• The zest of 8 limes.  Save the limes them selves for limeade or juice them and freeze the juice in cubes! I love using a microplane/zester for this job. 
  • Enough chopped cilantro to measure 3/4 c.  I chopped mine with my Pampered Chef Hand Chopper because I didn't want it to puree in a blender or food processor. 
  • 3/4 c. coarse Kosher salt.  You could also use sea salt.
In a large bowl, mix all of the ingredients together thoroughly. Then spread them on a sheet pan that has sides. 
Place the pan, uncovered, into your oven set at its lowest heat setting.  Leave it there for an hour or two until the cilantro and zest are completely dry.  At this point you can start gathering the salt into the center of the pan, crumbling the big pieces of cilantro as you go. 
This recipe filled 2 Rubbermaid 4 ounce containers as pictured.  Then, I used Avery Address Labels #8160 to print little labels for my salts.  Click the button for the PDF to print your own! 

When I made the label for this one, I mixed up the onion and the garlic description on it, but you get the idea of why it is called CROG. This salt makes a great rub for any type of meat! I used it on salmon and it was fantastic. A little goes a long way to bring great flavor! I think on a beef roast it will be divine. I am trying that next. It would also be great on vegetables and in rice.
CROG Salt- A savory blend of Cilantro, Rosemary, Onion and Garlic
3/4 c. loosely packed chopped cilantro
1 bunch finely chopped green onions, green part only
6 cloves finely chopped garlic
4 long sprigs of fresh rosemary, off the stem and chopped
1 c. coarse kosher salt

Blend all together in a bowl as before and spread on a sheet pan.  Because there are wetter ingredients in this recipe, it will take about 4 hours to dry well in the oven at the lowest setting.  When finished, crush up the larger chunks into the mix.  The tiny dry onion pieces will burst into powder!  I may have had a little too much fun with that.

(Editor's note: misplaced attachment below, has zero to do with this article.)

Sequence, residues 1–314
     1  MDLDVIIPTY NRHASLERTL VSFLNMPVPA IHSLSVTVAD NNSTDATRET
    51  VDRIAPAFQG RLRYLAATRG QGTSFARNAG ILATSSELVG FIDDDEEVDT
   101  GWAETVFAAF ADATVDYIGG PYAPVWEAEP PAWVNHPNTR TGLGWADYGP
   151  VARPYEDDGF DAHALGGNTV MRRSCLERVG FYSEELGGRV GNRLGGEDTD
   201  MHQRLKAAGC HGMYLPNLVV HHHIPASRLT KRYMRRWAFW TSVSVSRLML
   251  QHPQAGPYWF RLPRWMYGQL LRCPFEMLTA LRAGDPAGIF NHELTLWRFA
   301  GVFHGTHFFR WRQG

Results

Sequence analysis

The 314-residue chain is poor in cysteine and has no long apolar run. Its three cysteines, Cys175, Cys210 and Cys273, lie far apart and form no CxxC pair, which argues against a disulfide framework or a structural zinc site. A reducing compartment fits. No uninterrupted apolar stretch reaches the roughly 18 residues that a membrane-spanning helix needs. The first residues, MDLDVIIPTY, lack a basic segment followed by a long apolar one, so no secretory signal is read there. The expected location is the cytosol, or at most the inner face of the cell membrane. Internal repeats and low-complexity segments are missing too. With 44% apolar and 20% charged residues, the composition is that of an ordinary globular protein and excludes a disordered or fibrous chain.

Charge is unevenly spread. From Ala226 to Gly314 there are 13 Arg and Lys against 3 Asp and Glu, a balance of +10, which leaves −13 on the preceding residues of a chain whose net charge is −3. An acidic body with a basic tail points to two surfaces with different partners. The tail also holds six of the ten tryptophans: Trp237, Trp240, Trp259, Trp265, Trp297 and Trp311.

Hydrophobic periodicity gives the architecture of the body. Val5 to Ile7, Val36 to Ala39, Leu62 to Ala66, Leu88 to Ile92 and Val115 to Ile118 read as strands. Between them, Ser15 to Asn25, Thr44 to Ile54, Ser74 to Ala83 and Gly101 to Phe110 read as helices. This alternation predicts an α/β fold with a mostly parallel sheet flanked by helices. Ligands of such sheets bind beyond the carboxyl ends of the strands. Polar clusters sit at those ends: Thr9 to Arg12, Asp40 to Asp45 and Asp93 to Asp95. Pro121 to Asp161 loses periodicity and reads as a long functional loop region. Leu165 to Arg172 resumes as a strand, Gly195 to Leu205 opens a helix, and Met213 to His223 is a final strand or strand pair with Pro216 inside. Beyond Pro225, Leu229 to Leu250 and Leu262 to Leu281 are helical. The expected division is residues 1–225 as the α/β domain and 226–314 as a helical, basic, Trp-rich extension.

I was able to get almost 3 containers of savory CROG from this recipe. 

Bacon and cilantro together are a perfect combo! Great sprinkled in veggies like beans or on asparagus. I made a breakfast burrito and sprinkled it in my eggs and it was wonderful!
Bacon-Cilantro Salt
1 c. chopped cilantro, loosely packed
6 slices of crispy cooked bacon, crumbled.  Cut off any fatty, not crispy parts.  If possible, lower salt would be great.
3/4 c. coarse kosher salt. 
Like the other recipes, blend all of the ingredients together and spread them on a sheet pan.  Dry in your oven with it set on the lowest setting.  It took mine 3 to 4 hours to dry completely.  
Scrap everything together on the pan, crumbling even smaller as you do so. 
This recipe filled 2 containers. 
      The measurement of the ingredients is somewhat loose, and you can adjust them as you wish as you make yours.  After making these recipes, I was able to bring down the amount of cilantro that I had to a manageable level.  If you grow your own herbs or if you have access to a large amount of them like I do from a produce supplier, just think of the possibilities of making gifts this year!  It was quick and easy with a great result.  Now my mind is racing with other flavor combinations.  Also, which containers did you like better?  What other flavor combinations do you think would work well?  Let me know in the comments! 
Hamilton Beach Food Processor
My post often contains affiliate links. All products are ones I have. If you choose to buy one of these items through the URL , I will receive a small commission at no extra cost to you.

Leave a comment

Please note, comments must be approved before they are published